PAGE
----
Magnesium: Affectionately called the relaxing mineral, magnesium can counter stress response, help your muscles release, and may even help you score better sleep. (Here are five other tricks that could help you snooze.) Plus, Dr. Gottfried says it's needed for hundreds of biochemical reactions in the body, like keeping your heartbeat steady and maintaining normal nerve and muscle function. Opt for 200 to 1000mg, and take it at night, since it helps your muscles relax.
According to a survey of 11,000 people conducted by Thomson Medstat, 75% of obese people believe they eat a healthy diet. Inevitably, upon further prodding and analysis, the truth reluctantly comes out. Their diet is invariably filled with high glycemic foods, unhealthy fats, sugars, low protein, and constant snacking; in other words, the perfect recipe for obesity.
In another study, 24 women ate breakfast, lunch and dinner in a laboratory. Shortly before lunch, they were served either chicken rice casserole, chicken rice casserole with a glass of water or chicken rice soup made from the same ingredients. They could then eat as much as they liked from a lunch buffet. Those who ate the soup consumed significantly fewer calories at lunch than the other two groups and did not compensate by eating more calories at an all-you-can-eat dinner.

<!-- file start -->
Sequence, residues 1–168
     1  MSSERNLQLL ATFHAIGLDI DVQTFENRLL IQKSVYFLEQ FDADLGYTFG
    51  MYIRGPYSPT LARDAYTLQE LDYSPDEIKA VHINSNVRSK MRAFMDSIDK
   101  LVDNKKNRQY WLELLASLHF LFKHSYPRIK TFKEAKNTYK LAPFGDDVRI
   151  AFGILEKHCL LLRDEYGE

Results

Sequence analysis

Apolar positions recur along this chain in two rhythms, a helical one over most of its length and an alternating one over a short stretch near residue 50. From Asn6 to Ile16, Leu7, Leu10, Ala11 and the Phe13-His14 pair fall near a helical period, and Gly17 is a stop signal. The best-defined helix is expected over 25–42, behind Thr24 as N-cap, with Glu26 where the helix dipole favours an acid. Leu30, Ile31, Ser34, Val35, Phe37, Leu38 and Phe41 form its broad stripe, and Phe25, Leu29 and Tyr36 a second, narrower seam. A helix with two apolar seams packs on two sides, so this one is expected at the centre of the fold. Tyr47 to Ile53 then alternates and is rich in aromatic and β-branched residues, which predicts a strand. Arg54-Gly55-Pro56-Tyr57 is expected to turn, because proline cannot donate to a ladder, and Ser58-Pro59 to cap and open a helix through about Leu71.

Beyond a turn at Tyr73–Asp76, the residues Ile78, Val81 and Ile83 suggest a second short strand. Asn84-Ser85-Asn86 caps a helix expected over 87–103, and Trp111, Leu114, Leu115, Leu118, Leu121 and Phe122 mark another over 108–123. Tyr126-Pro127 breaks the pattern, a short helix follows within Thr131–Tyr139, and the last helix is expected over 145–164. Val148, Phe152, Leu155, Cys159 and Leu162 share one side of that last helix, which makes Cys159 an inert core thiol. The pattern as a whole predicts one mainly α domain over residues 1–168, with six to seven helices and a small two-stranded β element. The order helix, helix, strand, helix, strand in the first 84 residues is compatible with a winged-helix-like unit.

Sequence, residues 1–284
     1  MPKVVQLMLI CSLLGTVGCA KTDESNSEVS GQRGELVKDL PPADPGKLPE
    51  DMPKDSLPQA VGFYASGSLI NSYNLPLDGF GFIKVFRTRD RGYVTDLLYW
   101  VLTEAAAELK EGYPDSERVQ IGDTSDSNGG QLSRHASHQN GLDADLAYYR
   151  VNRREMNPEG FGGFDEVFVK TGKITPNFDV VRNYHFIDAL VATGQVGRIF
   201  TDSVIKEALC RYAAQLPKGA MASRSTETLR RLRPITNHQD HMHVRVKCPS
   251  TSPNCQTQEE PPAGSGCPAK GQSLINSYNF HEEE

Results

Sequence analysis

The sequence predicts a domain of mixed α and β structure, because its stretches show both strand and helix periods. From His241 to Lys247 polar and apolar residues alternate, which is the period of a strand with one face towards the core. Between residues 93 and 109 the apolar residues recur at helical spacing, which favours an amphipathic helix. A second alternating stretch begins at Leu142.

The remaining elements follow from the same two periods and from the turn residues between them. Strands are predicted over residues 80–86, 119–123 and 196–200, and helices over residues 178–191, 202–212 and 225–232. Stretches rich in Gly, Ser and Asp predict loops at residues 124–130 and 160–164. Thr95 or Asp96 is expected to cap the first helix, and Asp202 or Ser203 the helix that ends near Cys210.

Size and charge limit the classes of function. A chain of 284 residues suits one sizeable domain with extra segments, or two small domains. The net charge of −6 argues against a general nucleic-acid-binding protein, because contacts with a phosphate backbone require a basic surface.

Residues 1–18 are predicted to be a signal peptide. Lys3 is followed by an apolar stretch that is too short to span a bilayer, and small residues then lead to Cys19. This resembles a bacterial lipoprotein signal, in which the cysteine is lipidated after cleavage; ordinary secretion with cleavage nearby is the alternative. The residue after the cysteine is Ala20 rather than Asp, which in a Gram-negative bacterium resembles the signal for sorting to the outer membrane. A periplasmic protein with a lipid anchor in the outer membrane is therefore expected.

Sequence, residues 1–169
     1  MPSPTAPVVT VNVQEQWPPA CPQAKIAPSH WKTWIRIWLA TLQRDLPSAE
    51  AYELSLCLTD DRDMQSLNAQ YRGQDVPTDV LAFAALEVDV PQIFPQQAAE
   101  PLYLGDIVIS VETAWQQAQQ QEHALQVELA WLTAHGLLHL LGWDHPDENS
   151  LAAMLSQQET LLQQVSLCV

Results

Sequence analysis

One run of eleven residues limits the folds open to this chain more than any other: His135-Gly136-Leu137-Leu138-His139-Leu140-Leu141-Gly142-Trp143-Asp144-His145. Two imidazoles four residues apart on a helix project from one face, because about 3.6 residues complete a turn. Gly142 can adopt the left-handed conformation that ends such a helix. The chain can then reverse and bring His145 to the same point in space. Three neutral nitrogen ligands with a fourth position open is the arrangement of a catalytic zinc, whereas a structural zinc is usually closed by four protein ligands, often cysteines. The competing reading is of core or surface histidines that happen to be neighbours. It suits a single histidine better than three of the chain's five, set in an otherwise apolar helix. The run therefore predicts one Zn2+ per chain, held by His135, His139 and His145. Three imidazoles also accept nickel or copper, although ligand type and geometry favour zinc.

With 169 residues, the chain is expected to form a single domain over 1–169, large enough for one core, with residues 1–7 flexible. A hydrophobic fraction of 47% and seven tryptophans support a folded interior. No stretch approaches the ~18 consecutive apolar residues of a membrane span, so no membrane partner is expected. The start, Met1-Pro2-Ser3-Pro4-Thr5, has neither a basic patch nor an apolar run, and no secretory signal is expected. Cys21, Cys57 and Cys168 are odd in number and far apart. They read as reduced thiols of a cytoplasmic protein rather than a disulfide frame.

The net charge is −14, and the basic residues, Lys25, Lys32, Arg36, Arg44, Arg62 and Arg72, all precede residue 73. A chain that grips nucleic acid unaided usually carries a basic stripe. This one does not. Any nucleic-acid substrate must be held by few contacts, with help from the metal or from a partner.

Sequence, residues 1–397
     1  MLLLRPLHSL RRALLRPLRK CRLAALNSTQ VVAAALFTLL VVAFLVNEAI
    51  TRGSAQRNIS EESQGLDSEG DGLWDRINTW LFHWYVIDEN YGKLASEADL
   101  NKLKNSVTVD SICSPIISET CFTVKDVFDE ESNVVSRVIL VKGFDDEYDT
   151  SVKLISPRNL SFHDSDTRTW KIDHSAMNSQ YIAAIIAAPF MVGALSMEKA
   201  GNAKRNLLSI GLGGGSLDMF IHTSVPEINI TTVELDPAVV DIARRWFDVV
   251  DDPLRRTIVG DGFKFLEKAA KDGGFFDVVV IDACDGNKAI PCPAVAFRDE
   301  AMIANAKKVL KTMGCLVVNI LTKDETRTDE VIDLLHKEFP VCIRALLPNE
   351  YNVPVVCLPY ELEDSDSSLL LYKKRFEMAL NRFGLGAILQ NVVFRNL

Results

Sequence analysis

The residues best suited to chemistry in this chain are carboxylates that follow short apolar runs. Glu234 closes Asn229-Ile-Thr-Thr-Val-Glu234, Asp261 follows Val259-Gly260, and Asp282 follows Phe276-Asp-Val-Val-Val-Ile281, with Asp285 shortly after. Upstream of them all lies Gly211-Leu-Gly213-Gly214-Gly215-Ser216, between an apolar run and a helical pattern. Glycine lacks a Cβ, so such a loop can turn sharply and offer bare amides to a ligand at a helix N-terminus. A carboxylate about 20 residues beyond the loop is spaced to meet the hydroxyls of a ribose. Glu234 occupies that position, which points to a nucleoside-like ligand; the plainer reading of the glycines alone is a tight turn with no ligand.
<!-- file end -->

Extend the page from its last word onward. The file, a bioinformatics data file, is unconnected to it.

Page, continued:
Drinking a selection of fresh fruit and vegetable juices in your day, your body will certainly feel the benefit. Fresh juices are a powerful way to increase your intake of antioxidants, minerals, vitamins and enzymes. You can juice most fruits and vegetables. I try to choose the greenest, water-rich and most alkalizing ones for my own juices, using some (or all!) of the following: spinach or cucumber, celery, pears, apples, ginger and lemon.